“It’s about the same cost, and it doesn’t involve any major site re-working, there would be some interior re-work,” she pointed out. “The children’s wing would move to the church side, and the study rooms would go from the church facing to the Main Street side. That re-design is fairly simple, but it takes a little more mechanical and electrical detail to be worked out. A third to one-fourth of the building would change including moving space around on the interior.”

Charles Freeman inquired about a retaining pond and whether it would be a fenced-in area.

“It doesn’t contain water,” Collier said. “It’s just a lower area that would retain it. It’s detention versus retention.”

Discussion reminded the architects that the area once contained a tobacco warehouse.

Option-three would create more of a presence on Main Street because some parking would be moved from the back to the front.

“That’s about $34,500 to re-design because we are adding a few more (parking) spaces,” she cautioned. “We have explored this and our 50 parking spaces were ample for what we were looking for in the design … It keeps the entrances on Main and Church but pushes the building back, re-designs the site, and adds parking in the front.”

Collier said the fourth option was not the best because it pushes the building further back in the site, and eliminates the connected access from Church Street and might mean cutting out parcels that belong to the church, which she said would be less than ideal.

“We put it in there because we didn’t explore it, and it doesn’t do a lot for the plan and is the least attractive of the four,” she said.

Councilman Justin Freeman asked about the price tag for the original library design – the total building. Collier said she was uncertain of the specific amount but believed it to be around $1.7 million.

Mayor Jimmie Rowe asked if any contractors had seen the designs yet or made any bids on the work.

“Not from the standpoint of bidding,” Collier answered. “We have submitted this to USDA and gotten their approval to move to bids whenever you all say it’s time. It’s ready to either move back and do some re-designs if we need to, or move into bids and get an actual contractor.”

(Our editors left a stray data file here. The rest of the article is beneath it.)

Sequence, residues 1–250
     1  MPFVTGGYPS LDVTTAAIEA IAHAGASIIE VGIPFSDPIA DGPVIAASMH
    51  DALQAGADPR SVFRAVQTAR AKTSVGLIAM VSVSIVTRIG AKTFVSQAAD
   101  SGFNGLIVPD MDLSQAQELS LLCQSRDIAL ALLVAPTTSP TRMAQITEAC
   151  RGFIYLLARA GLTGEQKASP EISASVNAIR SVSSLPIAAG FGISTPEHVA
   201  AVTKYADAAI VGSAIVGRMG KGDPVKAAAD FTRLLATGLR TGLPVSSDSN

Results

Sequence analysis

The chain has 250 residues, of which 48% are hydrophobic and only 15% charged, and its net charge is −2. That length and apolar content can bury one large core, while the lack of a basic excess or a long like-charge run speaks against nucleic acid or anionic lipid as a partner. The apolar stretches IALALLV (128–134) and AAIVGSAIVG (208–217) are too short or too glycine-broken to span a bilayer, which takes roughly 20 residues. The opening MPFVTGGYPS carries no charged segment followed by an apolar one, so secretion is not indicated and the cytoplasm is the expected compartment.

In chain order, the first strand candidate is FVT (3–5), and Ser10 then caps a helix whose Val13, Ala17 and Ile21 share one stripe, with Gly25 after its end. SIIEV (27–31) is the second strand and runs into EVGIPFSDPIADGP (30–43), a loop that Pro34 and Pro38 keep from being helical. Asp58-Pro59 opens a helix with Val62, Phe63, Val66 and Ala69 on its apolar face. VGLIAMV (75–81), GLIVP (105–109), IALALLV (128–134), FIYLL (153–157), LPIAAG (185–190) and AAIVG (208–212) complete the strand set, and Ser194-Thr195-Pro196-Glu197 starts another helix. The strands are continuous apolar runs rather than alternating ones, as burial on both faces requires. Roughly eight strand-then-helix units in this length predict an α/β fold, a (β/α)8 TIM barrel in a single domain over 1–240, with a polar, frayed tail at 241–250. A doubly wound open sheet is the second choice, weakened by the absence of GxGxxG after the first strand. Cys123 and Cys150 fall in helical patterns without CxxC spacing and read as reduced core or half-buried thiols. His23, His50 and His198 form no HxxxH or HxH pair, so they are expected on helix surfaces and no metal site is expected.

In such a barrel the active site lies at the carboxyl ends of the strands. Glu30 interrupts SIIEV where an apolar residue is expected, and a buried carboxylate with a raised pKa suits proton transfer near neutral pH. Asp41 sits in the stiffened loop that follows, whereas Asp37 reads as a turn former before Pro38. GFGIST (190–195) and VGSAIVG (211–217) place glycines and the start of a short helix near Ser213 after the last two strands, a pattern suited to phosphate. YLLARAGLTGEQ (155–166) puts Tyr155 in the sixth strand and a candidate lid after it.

Town Manager Tony Hammond told Council that the Ahoskie Library Committee has paid everything they have been asked to pay for with the project, but that they were out of money and that if the architects did any more re-designs, then the town would have to end up footing the bill out of the general budget.

“When will we be able to turn it over for bids,” Charles Freeman asked.

Hammond said once the bids are submitted it would then go before the Local Government Commission (LGC). Collier added that minor re-designs would not have to go back before USDA, but rather submit to a short review.

“We would publicly advertise (for bids), and we know bidders in this area we have worked with and we would contact them to see if they are interested, but we would advertise so anyone could bid,” said Collier. “It would be a bonded bid, as required.”

She also gave a hypothetical timeline with bids received in late January, holding the bids until the LGC and Council approve, then begin construction – conceivably – in late March to early April.

Collier said one last item to mention in locating the drive was the intersection of Main Street and Catherine Creek Road.

“That’s a pretty main intersection and we want to keep it as far away from there as possible,” she acknowledged.

As the discussion ended, Collier said she would make certain Council received copies of all four design options as well as cost estimates for review at a later date.